Momentum theory provides a relatively simple estimate of how a helicopter rotor changes (induces) airflow. We’ll focus here on a helicopter main rotor in hover (i.e. a rotor that's powered, accelerating air that is otherwise at rest relative to the rotor). The analysis can be generalized to other flight regimes and even wind turbines that are powered by the air, but we will save that for another day. (Even in the simplest context, this concept can be difficult to understand at first.)

We’ll start by listing the assumptions required for this analysis. These assumptions are *not* satisfied by practical helicopter rotors, but the results provide convenient approximations widely used in the helicopter industry. The most useful equations derived from these assumptions will be highlighted at the bottom of this article.

- The rotor provides uniform thrust over it’s area.
- The rotor is powered and accelerates air that is otherwise at rest (e.g. a helicopter rotor in hover).
- The flow is steady, inviscid, irrotational and incompressible.
- Swirl (air tending to rotate with the rotor) is ignored in this analysis. It can be included with a little additional complication.

The rotor attains thrust \(T\) by pushing air downward. Newton’s equation \(F=ma\) is used to equate the thrust (\(F\)) to the rate of momentum change of the air \(ma=\frac{dp}{dt}\) (\(p=mv\)). The change in momentum is achieved by accelerating the air downward. The acceleration begins at some distance \(d_0\) above the rotor and continues to some distance \(d_3\) below the rotor (see diagram down below). Since the thrust is finite, the accelerated air is confined to a finite volume called the streamtube. The radii of this tube at different heights can be related using conservation of mass – the rate at which air mass enters any volume of the streamtube (mass flux) must equal the rate that air mass flows out. The mass flux through a cross section \(s_x\) from the diagram down below, with area \(A_x\) is just \( \rho A_x v_x\). Since the volume enclosed by \(s_x\) and some other cross section \(s_y\) must have 0 net mass flux, we arrive at this useful equation (after dividing by \(\rho \)) $$ \begin{equation} A_x v_x = A_y v_y \label{eq:massflux} \end{equation}.$$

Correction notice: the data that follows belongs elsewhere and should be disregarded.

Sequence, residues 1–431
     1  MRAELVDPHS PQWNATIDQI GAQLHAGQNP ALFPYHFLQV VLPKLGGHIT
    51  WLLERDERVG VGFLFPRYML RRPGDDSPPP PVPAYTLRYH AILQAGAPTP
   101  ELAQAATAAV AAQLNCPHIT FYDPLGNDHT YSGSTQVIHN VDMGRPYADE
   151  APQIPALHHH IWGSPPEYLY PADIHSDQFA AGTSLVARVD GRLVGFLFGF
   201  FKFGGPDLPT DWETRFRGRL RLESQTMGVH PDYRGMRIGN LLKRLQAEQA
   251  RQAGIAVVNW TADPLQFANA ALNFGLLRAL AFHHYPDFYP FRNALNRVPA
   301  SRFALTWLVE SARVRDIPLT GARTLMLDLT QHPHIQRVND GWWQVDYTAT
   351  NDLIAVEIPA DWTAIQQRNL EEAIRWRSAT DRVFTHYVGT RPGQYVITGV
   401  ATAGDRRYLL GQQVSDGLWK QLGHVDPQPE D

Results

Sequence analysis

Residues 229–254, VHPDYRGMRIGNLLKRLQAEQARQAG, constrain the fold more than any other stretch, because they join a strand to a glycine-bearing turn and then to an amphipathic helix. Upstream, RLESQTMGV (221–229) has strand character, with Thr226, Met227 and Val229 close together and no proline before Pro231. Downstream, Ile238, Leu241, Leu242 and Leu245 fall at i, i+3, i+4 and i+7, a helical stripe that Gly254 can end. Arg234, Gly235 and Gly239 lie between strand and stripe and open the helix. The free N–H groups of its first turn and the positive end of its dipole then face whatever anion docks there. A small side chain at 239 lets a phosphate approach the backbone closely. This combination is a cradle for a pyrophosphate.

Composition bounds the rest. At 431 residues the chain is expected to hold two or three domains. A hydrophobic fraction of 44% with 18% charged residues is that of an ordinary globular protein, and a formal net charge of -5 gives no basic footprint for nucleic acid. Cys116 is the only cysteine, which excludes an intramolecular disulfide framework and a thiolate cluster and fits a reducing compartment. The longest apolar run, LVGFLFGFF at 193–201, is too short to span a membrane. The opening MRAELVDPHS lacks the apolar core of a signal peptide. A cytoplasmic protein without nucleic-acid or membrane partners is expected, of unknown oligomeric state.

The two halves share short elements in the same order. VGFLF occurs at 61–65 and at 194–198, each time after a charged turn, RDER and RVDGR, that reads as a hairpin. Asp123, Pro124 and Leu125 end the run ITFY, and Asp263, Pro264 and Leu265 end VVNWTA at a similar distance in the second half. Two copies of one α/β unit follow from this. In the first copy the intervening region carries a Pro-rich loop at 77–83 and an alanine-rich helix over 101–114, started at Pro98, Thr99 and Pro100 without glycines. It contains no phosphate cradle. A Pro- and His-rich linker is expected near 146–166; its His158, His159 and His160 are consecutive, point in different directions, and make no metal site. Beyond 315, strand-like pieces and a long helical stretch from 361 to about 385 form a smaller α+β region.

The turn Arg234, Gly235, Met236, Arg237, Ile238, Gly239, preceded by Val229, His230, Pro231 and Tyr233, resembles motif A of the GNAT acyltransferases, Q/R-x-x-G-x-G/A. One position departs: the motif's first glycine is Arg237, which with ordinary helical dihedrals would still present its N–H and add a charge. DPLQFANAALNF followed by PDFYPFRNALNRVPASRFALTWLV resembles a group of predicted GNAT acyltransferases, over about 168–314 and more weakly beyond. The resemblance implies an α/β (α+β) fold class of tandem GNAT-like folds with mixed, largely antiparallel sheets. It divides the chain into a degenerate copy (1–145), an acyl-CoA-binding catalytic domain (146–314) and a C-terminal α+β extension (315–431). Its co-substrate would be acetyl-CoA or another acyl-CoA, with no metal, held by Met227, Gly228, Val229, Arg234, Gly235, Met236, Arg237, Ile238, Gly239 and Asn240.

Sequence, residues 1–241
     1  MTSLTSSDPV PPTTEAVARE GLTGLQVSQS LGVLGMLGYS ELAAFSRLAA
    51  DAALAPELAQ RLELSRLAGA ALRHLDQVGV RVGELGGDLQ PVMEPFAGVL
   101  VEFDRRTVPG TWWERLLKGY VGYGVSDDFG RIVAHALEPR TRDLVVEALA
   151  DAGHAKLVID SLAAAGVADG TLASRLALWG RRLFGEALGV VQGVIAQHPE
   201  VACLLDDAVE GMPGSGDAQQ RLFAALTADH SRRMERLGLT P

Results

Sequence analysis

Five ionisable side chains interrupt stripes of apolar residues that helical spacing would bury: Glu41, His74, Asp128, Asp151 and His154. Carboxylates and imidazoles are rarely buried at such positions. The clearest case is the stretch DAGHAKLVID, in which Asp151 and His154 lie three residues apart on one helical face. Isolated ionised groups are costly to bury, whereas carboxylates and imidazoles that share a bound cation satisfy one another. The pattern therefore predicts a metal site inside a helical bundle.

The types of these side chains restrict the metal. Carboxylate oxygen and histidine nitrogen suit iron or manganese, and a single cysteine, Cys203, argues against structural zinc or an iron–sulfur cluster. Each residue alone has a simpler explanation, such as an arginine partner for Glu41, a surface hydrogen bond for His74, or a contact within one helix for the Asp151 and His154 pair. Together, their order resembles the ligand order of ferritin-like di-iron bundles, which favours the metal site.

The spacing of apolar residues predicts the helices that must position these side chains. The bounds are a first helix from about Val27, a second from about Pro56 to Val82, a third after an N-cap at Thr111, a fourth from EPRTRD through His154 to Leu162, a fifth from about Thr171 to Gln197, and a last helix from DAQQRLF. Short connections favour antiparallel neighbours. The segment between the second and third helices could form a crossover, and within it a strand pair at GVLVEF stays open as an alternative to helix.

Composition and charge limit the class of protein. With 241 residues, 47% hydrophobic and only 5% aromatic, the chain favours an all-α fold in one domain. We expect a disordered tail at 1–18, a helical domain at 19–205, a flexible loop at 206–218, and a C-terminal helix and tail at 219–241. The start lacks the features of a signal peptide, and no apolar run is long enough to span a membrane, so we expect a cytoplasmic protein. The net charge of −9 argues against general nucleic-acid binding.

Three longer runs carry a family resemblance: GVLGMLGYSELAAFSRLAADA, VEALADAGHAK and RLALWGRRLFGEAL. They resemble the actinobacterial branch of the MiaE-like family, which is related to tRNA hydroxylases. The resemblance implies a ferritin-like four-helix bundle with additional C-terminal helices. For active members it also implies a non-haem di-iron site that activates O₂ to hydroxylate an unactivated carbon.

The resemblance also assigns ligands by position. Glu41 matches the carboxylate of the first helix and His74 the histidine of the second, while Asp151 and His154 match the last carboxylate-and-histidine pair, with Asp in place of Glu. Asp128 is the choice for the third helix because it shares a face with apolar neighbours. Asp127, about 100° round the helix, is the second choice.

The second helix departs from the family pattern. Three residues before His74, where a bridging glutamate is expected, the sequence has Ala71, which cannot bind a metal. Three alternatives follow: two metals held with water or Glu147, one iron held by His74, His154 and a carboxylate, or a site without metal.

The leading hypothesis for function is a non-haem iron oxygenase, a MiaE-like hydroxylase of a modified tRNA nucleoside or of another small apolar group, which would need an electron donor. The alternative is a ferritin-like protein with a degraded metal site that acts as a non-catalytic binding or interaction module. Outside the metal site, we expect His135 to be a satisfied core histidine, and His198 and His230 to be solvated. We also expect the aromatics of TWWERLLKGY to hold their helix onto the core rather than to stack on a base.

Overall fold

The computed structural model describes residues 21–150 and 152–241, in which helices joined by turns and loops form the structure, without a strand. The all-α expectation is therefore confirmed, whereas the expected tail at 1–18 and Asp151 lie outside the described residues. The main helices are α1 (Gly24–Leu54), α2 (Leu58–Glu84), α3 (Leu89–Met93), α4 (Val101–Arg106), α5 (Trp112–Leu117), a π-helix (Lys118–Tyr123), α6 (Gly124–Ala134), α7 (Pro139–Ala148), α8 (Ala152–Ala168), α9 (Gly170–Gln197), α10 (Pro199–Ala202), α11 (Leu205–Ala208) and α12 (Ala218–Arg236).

We’ll use the conservation of energy to equate the power applied by the rotor to the rate that energy is added to the air. We’ll also use Bernoulli’s equation above and below the rotor to generate to eliminate many variables and reach relatively simple equations for the induced velocity and power as a function of thrust.

For convenience, we’ll mark 4 cross sections of the streamtube as shown in the diagram: \(s_0,s_1,s_2,s_3\). Section \(s_0\) is where the air starts to accelerate, \(s_1\) is just above the rotor, \(s_2\) just below the rotor and \(s_3\) below the rotor, where the flow reaches maximum speed. The induced velocity, area and pressure at section \(s_x\) are denoted \(v_x\), \(A_x\) and \(p_x\). Since \(s_1\) and \(s_2\) are arbitrarily close, \(v_1=v_2\) and \(A_1=A_2\).

We'll start with \(F=ma=\frac{dp}{dt}\), where \(F\) is the rotor thrust and \(p\) is the net momentum of all the air. Since the bottom of the streamtube lengthens as time passes (airflow in other regions is constant), we'll compute \(\frac{dp}{dt}\) from the lengthening of the bottom of the streamtube. In a period of time \(dt\), the streamtube lengthens by \( v_3dt \) and adds momentum \(\rho Vv_3\) to the system, where the volume \(V\) of this new section of the tube is \(V= A_3 v_3 dt\). Hence $$\begin{equation} T=\frac{dp}{dt}=\rho A_3 v_3^2 \label{eq:fma} \end{equation}$$.

Similar to above, we compute the kinetic energy added to the air from this new volume of streamtube as \(\frac{1}{2}\rho Vv_3^2\), which gives an energy per unit time (power) of \( \frac{1}{2}\rho A_3 v_3^3 \). Since the power applied to the air by the rotor is \(Tv_1\), we get $$\begin{equation} Tv_1 = \frac{1}{2}\rho A_3 v_3^3 \label{eq:conserve} \end{equation}$$.

Dividing \eqref{eq:conserve} by \eqref{eq:fma} and doing some arithmetic reveals that the airspeed is twice as large in the far wake, compared to the rotor $$\begin{equation} v_1=\frac{1}{2}v_3 \label{eq:veleq} \end{equation}.$$

Using the mass conservation equation \eqref{eq:massflux}, it follows that the area \(A_3\) is half as large as \(A_1\): $$\begin {equation} A_1 v_1 = A_3 2v_1 \rightarrow A_1=2A_3. \label{eq:arear3} \end{equation}$$.

Using Bernoulli’s equation we can relate quantities at \(s_0\) to that at \(s_1\) via \( p_0-(p_1+\frac{1}{2}\rho v_1^2)=0\). Likewise, we can relate \(s_2\) to \(s_3\) via \( p_2+\frac{1}{2}\rho v_2^2-(p_3+\frac{1}{2}\rho v_3^2)=0 \). Adding those two equations and solving for the pressure difference \(p_2-p_1\) gives equation \eqref{eq:pressdiff} using the following facts in the arithmetic: (1) the pressures \(p_0\) and \(p_3\) must be the ambient pressure \(p_a\), (2) \(v_1=v_2\) and (3) \(v_3=2v_1\). $$\begin{equation} p_2 - p_1=\frac{1}{2}\rho v_3^2 = 2\rho v_1^2. \label{eq:pressdiff} \end{equation}$$

The thrust on the rotor comes from the pressure drop across the rotor multiplied by the rotor area, i.e. \(T = (p_2-p_1)A\). Combining this with \eqref{eq:pressdiff} and solving for \(v_1\) we get a very useful equation for the induced velocity at the rotor, i.e. $$\begin{equation} v_1= \sqrt{ \frac{T}{2\rho A} } \label{eq:v1} \end{equation}$$

This allows us to compute the power required by the rotor \(P=Tv_1\) as $$\begin{equation} P=T \sqrt{ \frac{T}{2\rho A}}. \label{eq:pt} \end{equation}$$

We can also get the power as a function of the induced velocity \(v_1\) by substituting \(T=2\rho v_1^2 A\) (from rearranging \eqref{eq:v1}) into \eqref{eq:pt} which gives $$\begin{equation}P= 2\rho v_1^3 A. \label{eq:pvi} \end{equation}$$.